PDF Archive

Easily share your PDF documents with your contacts, on the Web and Social Networks.

Send a file File manager PDF Toolbox Search Help Contact



HW 3.1 .pdf



Original filename: HW 3.1.pdf
Author: Mack Ward

This PDF 1.5 document has been generated by Microsoftยฎ Word 2013, and has been sent on pdf-archive.com on 15/10/2013 at 19:47, from IP address 67.20.x.x. The current document download page has been viewed 551 times.
File size: 194 KB (3 pages).
Privacy: public file




Download original PDF file









Document preview


Mack Ward
CSE 331, Rudra

9/27/2013
HW 3
(Problem 1)

Group Members:
James Mazur
Matt Swenson
Proof Idea:
After testing the algorithm a few times, and after some careful inspection, I realized that the
algorithm is simply a version of insertion sort. Thus, I expect that the complexity of the
algorithm is ๐›ฉ(๐‘›2 ).
First, we can see that the algorithm begins with a for loop from 2 to ๐‘›. Thus there will be a total
of |[2. . ๐‘›]| or ๐‘› โˆ’ 1 iterations of the outermost for-loop. Lines (i), (iii (A)), and (iv) are simply
assignment expressions, which are known to take a constant amount of time. Thus we know that
these three lines of code will execute in constant time. Line (iii) is a looping statement which
will, in a worst-case scenario, loop through all possible values before terminating. Since all
possible values may range from 1 to ๐‘—, and since the maximum value of ๐‘— is ๐‘– โˆ’ 1, a worst-case
situation would have the loop executing for exactly ๐‘– โˆ’ 1 steps. If we execute line (ii) by simply
iterating over the range 1 โ‰ค ๐‘— โ‰ค ๐‘– โˆ’ 1 and finding the desired value (which is a reasonable
assumption for the method of executing this line), the maximum and minimum number of steps,
in the worst case, will be ๐‘– โˆ’ 1, since the loop can iterate for a maximum of ๐‘– โˆ’ 1 times. For each
iteration of the outermost loop, the number of steps inside the loop is exactly 1 + (๐‘– โˆ’ 1) +
(๐‘– โˆ’ 1) โˆ— (1) + 1 = 2๐‘– (these values correspond to the number of steps, given a worst-case input,
for lines (i), (ii), (iii), (iii (A)) and (iv), respectively)
Thus the total number of steps for the entire algorithm, in the worst case, will be:
๐‘›

๐‘›

โˆ‘ 2๐‘– = 2 โˆ‘ ๐‘– = 2 (
๐‘–=2

๐‘–=2

๐‘› (๐‘› + 1)
โˆ’ 1) = ๐‘›2 + ๐‘› โˆ’ 2
2

where the first term in the summation is the number of steps of the first iteration through the
outermost loop, the second term is the number of steps of the second iteration through the
outermost loop, and the (n-1)th term in summation is the number of steps of the (n-1)th iteration
through the outermost loop (recall that the outermost loop iterates ๐‘› โˆ’ 1 times in every execution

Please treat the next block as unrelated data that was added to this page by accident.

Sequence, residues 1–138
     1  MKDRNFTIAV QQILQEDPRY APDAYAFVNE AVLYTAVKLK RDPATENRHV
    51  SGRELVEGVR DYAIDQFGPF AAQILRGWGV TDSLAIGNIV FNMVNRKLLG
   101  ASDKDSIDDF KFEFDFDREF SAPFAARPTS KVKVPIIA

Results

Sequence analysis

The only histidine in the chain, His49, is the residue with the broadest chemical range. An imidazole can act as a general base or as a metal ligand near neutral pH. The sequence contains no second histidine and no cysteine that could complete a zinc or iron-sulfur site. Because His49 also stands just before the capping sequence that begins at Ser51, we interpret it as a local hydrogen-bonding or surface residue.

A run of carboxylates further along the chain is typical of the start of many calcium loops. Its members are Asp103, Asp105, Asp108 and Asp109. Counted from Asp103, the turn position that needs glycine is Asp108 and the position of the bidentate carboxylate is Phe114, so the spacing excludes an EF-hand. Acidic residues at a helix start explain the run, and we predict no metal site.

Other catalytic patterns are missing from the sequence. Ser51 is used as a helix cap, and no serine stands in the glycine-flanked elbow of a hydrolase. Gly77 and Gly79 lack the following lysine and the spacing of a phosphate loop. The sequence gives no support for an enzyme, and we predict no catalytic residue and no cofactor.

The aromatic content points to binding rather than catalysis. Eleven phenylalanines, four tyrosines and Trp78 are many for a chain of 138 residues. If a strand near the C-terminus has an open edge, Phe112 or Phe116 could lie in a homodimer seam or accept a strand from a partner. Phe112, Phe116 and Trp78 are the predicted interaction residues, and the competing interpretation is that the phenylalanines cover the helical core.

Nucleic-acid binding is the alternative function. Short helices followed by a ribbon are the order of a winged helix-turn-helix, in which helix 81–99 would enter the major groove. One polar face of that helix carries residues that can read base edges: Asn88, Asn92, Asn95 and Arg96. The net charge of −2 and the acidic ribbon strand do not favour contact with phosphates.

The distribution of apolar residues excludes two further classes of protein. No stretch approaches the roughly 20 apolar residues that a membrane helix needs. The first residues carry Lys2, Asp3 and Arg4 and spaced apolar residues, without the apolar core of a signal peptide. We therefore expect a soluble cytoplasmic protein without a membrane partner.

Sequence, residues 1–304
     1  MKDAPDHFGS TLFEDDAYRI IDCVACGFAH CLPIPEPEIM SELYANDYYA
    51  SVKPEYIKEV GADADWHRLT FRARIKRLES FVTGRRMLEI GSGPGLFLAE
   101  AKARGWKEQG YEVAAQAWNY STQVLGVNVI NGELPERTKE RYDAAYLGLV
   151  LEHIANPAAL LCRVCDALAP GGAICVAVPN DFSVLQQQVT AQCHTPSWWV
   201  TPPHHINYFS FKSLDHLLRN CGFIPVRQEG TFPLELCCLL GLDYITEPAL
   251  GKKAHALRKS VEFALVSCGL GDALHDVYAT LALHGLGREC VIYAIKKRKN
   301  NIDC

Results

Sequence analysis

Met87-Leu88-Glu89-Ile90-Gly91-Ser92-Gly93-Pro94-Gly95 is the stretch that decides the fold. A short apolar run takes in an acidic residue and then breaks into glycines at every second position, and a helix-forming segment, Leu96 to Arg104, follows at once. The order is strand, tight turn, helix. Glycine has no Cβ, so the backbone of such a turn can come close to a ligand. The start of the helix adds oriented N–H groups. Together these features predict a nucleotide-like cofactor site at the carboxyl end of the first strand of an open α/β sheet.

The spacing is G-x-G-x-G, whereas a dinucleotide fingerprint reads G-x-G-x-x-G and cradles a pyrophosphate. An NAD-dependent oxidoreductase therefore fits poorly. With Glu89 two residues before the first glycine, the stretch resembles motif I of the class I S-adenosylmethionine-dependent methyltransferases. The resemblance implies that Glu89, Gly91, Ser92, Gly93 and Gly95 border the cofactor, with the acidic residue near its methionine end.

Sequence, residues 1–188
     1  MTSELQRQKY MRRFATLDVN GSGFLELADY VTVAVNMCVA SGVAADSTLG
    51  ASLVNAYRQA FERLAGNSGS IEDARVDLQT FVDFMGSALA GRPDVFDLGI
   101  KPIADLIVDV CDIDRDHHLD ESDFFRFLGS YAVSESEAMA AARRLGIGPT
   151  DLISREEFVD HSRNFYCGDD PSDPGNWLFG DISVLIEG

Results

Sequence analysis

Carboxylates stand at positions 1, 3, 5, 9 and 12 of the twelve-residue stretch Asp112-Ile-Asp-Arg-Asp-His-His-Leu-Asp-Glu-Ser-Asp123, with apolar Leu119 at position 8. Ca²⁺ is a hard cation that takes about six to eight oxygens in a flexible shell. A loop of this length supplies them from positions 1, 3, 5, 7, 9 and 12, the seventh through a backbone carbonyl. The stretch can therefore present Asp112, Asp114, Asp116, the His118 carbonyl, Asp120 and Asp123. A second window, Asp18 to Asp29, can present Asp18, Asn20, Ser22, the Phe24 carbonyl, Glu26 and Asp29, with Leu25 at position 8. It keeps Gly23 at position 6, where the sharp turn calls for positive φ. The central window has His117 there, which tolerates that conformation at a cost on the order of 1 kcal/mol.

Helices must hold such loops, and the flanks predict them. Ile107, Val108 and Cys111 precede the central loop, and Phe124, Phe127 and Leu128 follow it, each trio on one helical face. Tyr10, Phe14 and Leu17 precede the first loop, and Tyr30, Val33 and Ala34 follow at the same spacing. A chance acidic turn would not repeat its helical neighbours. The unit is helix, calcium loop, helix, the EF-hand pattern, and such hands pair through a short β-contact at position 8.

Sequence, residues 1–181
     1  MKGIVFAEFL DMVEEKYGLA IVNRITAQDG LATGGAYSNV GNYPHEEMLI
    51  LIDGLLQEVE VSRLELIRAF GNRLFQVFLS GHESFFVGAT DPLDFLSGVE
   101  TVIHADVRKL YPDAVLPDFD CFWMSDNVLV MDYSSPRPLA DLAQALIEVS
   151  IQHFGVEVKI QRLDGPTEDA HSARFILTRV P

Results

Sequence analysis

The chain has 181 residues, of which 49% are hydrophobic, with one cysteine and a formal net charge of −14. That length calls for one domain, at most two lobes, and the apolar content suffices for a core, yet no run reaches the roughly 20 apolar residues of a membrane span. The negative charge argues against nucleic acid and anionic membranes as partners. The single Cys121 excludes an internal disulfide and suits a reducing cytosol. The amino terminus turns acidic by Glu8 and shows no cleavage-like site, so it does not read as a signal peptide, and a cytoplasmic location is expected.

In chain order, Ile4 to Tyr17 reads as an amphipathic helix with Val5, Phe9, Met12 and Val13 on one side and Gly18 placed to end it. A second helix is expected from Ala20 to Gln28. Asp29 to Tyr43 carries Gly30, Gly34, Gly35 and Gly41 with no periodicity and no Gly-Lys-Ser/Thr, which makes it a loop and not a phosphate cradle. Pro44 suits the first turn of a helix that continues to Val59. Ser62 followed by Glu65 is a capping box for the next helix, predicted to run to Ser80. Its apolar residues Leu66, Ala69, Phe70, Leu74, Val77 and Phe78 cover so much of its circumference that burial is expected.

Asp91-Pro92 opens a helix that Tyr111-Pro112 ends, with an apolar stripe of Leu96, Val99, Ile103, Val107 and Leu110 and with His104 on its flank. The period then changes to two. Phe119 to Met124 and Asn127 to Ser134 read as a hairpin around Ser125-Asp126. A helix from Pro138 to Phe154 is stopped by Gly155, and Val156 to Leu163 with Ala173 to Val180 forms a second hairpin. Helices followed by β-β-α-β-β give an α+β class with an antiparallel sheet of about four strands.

of the algorithm). Thus, since the number of steps in the algorithm, in the worst case, will be at
most ๐‘›2 + ๐‘› โˆ’ 2, the algorithm is ๐‘‚(๐‘›2 ). Similarly, the algorithm is ๐›บ(๐‘›2 ) โ€“ the number of
steps, in the worst case, will be at least ๐‘›2 + ๐‘› โˆ’ 2, as described above. Thus the algorithm is
๐›ฉ(๐‘›2 ), which was what I predicted initially โ€“ after all, this is a version of insertion sort.
For the sake of completeness, it is important to note that our algorithm complexity does not
depend on the runtime of line (ii), so long as line (ii) does not take more than linear-๐‘› steps. If
we assume that line (ii) could somehow execute in constant time (which it cannot โ€“ Iโ€™m pretty

sure the best it could do is logarithmic time), the number of steps for each iteration of the
outermost loop would be exactly 1 + 1 + (๐‘– โˆ’ 1) โˆ— (1) + 1 = ๐‘– + 2 (these values correspond to
the number of steps, given a worst-case input, for lines (i), (ii), (iii), (iii (A)) and (iv),
respectively).
Thus the total number of steps for the entire algorithm, in the worst case, would be:
๐‘›

๐‘›

๐‘›

๐‘–=2

๐‘–=2

๐‘–=2

๐‘›(๐‘› + 1)
๐‘›2 ๐‘›
(
)
โˆ‘๐‘– + 2 = โˆ‘๐‘– + โˆ‘2 = (
โˆ’ 1) + 2 ๐‘› โˆ’ 1 =
+ โˆ’ 1 + 2๐‘› โˆ’ 2
2
2 2
๐‘›2 5๐‘›
=
+
โˆ’3
2
2

In asymptotic runtime, we are only interested in the leading term, and we ignore coefficients.
Thus the runtime of the algorithm in the worst case, given that line (ii) executes in constant time,
is ๐‘‚(๐‘›2 ) + ๐‘‚(๐‘›) + ๐‘‚(1) = ๐‘‚(๐‘›2 ). Similarly, the runtime is also ๐›บ (๐‘›2 ) + ๐›บ(๐‘›) + ๐›บ(1) =
๐›บ(๐‘›2 ). Thus the algorithm is still ๐›ฉ(๐‘›2 ).

Proof:
In order to find functions ๐‘“ (๐‘›) and ๐‘”(๐‘›) such that the running time of the algorithm is ๐‘‚(๐‘“(๐‘›))
and the running time of the algorithm is ๐›บ(๐‘”(๐‘›)), we can analyze each step of the algorithm
individually.
First, we can see that the algorithm begins with a for loop from 2 to ๐‘›. Thus there will be a total